Mock mission to Mars-like Arctic

York University atmospheric physicist Brendan Quine is part of a team of scientists who are using Nunavut’s Devon Island and its Haughton Crater to map out how humans can work and perhaps live on Mars, reported The Calgary Herald Oct. 23. While the Canadarm stands out as the best-known example of Canadian science hitting the big leagues in space exploration and research, a 12-university team with 50 scientists hopes to eclipse that milestone by landing a Canuck mission to Mars in 2008 or 2010. “We have the know-how and the technology,” said Quine, a professor with York’s Faculty of Pure & Applied Science who is helping lead the charge on the Northern Light project. For the “bargain basement” price of $200 million, or less than two-thirds the price of a Boeing 747, Canada could send its own unmanned mission to Mars, Quine told the Herald.

Measuring the health of the planet

York University mathematics Professor Jianhong Wu is among 18 Toronto-based scientists whose pioneering work Toronto Life magazine has spotlighted in its November issue. All 18 portrayed are leaders in their fields and “are changing how we measure the health of our planet, how we view the heavens, how we work and play, how we combat pain and illness,” intoned the magazine. Wu holds the Canada Research Chair in Applied Mathematics and leads a team that is developing mathematical models to track the spread of infectious diseases such as SARS.

Employers willing to foot big bills to develop staff

In a story Oct. 23 about executive MBA programs, the Toronto Star said several factors make executive MBA courses more than double the cost of traditional programs. “One of the reasons why our program is so expensive is that it is privatized,” explained Andre deCarufel, executive director of the Joint Kellogg-Schulich Executive MBA Program, an $85,000 program run by York University in Toronto and Chicago’s Northwestern University. “Most academic programs are subsidized. Our program reflects the true cost of running it.” These programs cater to executives with several years of work experience who expect an executive level experience, wrote the Star. Fees for executive programs can also include an international excursion, a laptop computer and round-the-clock technical assistance – not to mention the cachet that goes with attending an elite business school. “We can’t say we’re in a class by itself and then have middle-of-the-pack pricing,” said deCarufel. It’s clear that the high fees haven’t translated to a shortage of students – or of employers willing to foot the bill, wrote the Star. DeCarufel said the high costs are worth it for employers. The ones who sponsor workers to undertake these kinds of programs are more likely to be acknowledged as being among the best employers to work for. That means they’re more likely to attract and keep talented staff.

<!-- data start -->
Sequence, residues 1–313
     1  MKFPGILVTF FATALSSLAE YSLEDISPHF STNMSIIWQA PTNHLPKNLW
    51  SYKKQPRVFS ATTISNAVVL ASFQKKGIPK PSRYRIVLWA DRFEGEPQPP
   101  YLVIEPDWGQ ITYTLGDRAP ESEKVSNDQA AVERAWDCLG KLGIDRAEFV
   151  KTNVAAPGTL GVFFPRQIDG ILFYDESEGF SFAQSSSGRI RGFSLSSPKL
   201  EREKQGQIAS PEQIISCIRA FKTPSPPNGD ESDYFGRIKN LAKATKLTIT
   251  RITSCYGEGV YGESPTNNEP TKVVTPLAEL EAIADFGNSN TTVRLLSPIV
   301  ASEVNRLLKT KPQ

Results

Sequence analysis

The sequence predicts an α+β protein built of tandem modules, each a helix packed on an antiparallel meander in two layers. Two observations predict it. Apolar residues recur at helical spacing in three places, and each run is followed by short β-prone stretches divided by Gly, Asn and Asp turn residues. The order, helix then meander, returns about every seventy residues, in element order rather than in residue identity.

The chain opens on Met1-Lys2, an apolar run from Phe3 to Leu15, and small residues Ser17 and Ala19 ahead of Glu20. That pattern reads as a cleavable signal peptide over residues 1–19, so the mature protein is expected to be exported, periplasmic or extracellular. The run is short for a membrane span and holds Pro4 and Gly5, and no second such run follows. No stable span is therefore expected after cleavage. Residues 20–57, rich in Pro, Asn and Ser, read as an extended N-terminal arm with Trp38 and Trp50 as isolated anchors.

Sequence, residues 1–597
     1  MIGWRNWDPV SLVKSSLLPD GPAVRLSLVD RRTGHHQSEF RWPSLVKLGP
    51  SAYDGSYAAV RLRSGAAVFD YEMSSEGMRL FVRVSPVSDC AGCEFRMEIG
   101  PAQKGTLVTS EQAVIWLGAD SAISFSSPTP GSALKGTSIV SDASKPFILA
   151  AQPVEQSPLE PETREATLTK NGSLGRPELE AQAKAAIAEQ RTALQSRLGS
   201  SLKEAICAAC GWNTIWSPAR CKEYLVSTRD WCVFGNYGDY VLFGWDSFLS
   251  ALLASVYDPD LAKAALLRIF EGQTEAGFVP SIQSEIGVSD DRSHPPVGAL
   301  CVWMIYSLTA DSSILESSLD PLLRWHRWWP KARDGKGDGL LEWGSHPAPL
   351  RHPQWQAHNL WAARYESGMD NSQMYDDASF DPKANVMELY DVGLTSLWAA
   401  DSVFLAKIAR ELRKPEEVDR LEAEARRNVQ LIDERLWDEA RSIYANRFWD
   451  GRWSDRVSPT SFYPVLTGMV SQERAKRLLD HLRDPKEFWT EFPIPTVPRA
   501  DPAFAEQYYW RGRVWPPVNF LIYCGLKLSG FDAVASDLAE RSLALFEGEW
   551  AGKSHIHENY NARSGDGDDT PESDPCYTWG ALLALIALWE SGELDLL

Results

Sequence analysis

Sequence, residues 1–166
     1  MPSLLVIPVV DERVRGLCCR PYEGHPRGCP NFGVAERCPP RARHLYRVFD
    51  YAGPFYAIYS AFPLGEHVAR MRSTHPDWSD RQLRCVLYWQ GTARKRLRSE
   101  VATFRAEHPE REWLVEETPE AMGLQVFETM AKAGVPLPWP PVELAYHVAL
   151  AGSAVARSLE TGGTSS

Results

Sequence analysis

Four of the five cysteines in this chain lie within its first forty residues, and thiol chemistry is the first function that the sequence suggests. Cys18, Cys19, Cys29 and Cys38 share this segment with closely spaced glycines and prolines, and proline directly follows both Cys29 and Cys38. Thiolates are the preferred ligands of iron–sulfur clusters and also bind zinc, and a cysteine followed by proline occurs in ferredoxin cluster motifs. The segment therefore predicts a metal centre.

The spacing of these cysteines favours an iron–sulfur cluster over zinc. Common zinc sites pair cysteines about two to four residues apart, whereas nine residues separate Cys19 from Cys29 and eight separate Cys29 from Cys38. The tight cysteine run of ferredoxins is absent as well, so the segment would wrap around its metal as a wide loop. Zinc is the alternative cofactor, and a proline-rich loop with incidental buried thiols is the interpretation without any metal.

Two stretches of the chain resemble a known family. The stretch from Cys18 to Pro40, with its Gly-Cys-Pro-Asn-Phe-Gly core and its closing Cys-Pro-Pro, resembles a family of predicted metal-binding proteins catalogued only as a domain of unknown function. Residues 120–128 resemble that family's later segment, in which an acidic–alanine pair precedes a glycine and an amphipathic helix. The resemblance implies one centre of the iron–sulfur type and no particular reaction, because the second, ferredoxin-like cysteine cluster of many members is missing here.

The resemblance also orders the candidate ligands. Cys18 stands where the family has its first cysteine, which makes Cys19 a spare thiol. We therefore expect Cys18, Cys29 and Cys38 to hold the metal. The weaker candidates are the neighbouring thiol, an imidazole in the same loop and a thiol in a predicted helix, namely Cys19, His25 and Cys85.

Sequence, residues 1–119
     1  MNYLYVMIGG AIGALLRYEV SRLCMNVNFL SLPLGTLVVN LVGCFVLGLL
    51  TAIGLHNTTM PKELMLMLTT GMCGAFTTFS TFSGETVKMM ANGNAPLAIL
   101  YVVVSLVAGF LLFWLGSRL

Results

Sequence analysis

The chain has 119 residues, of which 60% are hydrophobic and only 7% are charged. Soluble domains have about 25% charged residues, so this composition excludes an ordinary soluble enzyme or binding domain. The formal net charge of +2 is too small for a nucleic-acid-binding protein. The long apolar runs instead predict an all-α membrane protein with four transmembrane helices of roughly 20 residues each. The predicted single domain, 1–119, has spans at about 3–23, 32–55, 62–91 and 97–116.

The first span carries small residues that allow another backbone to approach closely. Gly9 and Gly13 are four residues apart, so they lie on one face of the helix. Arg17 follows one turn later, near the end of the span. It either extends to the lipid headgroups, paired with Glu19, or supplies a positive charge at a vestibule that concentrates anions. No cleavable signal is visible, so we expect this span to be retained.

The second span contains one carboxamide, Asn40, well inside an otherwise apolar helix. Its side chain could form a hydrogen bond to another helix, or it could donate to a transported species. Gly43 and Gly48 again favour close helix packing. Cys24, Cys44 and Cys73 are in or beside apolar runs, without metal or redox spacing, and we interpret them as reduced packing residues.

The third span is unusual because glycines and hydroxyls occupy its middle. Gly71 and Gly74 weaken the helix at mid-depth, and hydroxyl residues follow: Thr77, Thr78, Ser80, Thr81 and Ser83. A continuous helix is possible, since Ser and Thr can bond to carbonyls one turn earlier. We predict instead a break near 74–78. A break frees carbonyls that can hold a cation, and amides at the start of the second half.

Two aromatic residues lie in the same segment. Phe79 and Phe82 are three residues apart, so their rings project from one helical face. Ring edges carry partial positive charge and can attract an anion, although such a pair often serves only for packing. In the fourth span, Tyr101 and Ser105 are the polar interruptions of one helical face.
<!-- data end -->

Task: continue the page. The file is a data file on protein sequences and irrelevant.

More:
On air

  • Sociologist Anne-Marie Ambert, professor in York’s Faculty of Arts, commented on the kidnapping of nine-year-old Cecilia Zhang on Global Television’s “Global News” Oct. 22.
  • Robert MacDermid, political science professor in York’s Faculty of Arts, said the Liberals and MP Paul Martin are already right-wing, during a discussion on the tentative right-of-centre merger deal between the Canadian Alliance and federal PC Party, on Rogers TV call-in show “Goldhawk” Oct. 22.